Papandreo's out, and it looks like Greece is heading for something that's an awful lot like a 50% default with enough sanctions to prevent any real recovery for a generation. Berlusconi is apparently out (but you can't really tell with Berlusconi), also on the basis of debt. What's going to happen to Italy (they're paying over 6.5% interest) is open, but it doesn't look pretty even if they can clear the crooks from their government.
As a non-Italian I shouldn't call Berlusconi a crook.
Meanwhile, several other countries are tottering because of the interest rates they have to pay on their own debt.
On the basis of "moral hazard," the electorates of the more successful countries seem indisposed to pick up the tab for the default likely countries, even though it's everyone's short, mid and long term interests. Or, have the faux populists fooled the ignorant again? In Europe yet.
Will the current instability ultimately strengthen European unity, or is this the beginning of the end?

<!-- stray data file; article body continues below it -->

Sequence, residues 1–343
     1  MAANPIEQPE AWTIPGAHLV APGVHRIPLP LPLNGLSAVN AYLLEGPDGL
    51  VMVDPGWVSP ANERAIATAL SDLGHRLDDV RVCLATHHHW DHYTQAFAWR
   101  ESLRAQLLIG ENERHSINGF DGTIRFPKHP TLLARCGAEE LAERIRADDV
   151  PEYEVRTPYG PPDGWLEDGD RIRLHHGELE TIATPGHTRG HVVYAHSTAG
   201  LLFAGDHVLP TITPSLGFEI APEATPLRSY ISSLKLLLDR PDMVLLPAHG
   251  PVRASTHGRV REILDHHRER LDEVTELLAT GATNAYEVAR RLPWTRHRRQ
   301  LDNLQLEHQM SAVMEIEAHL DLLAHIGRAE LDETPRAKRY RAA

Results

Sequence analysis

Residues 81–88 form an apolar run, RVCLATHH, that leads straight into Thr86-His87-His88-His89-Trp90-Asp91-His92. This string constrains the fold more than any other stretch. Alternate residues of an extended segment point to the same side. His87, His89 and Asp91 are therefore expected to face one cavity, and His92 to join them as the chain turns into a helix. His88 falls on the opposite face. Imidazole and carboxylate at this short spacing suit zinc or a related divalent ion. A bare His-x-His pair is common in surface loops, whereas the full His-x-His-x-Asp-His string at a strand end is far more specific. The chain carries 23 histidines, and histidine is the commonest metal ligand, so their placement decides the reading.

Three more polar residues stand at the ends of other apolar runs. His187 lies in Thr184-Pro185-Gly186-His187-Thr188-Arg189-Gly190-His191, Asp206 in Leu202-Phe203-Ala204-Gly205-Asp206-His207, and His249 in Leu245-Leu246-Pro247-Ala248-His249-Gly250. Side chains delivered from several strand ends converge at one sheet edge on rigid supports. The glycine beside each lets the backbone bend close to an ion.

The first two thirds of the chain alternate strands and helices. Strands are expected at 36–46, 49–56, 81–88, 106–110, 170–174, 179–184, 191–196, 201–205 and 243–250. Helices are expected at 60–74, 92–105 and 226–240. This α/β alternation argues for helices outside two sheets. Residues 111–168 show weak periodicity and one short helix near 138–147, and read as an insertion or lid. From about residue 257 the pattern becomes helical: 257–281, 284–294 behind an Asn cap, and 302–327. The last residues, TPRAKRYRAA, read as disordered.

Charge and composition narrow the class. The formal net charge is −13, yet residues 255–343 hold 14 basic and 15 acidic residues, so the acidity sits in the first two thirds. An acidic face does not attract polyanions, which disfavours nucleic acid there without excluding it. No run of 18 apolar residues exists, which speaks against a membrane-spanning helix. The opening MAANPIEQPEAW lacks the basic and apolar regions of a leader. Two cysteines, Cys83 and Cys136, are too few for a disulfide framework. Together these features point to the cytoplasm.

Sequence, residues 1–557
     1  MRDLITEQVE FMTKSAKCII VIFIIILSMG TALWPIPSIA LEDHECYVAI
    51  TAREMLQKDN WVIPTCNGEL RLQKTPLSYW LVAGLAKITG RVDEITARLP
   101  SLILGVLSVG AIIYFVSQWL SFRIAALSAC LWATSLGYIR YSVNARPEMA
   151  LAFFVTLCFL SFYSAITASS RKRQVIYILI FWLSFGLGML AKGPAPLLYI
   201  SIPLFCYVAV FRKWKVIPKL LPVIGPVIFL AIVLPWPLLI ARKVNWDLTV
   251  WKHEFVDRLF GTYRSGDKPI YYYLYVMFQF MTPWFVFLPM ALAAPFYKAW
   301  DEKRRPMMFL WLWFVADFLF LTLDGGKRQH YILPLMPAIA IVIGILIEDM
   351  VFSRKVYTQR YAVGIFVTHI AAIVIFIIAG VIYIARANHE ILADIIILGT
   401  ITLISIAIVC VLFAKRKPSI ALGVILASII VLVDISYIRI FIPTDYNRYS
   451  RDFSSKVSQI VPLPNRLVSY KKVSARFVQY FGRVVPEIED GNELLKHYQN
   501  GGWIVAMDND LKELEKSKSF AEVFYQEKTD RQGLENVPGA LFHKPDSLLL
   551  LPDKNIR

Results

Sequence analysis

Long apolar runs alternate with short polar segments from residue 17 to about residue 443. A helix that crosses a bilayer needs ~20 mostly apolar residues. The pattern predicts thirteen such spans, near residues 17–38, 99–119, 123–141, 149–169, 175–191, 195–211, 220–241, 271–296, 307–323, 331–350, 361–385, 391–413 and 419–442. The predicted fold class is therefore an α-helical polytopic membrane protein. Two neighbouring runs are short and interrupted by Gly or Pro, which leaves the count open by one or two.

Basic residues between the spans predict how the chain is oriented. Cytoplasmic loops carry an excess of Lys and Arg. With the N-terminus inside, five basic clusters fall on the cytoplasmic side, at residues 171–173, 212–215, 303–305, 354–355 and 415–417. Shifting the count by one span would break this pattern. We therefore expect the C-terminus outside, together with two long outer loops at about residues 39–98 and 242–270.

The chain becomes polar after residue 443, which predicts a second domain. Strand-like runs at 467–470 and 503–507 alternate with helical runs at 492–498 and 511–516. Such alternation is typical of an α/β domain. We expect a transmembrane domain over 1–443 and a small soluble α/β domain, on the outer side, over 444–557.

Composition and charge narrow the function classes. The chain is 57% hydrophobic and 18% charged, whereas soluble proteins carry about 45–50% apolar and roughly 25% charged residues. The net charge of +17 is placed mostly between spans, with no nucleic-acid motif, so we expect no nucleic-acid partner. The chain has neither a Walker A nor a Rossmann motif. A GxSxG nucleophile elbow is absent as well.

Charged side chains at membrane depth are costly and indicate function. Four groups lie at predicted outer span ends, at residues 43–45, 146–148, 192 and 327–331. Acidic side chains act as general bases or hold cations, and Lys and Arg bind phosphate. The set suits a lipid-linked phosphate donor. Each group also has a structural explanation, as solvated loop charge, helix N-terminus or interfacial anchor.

Speaking purely financially, can and will the Euro survive the medium term as the credit crisis shakes itself out?
How badly will all of this hurt the rest of the world? Or, have we largely moved on?
If you don't support "bail outs" here, do you support them there (with them, not us, doing the baling)? How about vice versa? Do you support bailing out the credit holders (the banks)? If the banks fail, how can commerce of any sort continue there?
If you support the Europeans bailing out their banks, how can you not support them bailing out the countries?
Which is better in the long run, bailing out the banks or picking up some or all of the bad paper?
Do you agree that one of the root causes of the all mess was the IOC's decision to grant the 2004 Summer Games to Greece and Greece's related decision to just go ahead and remodel the whole country on France's and Germany's credit cards?
Edited by boar_d_laze - 11/8/11 at 6:32pm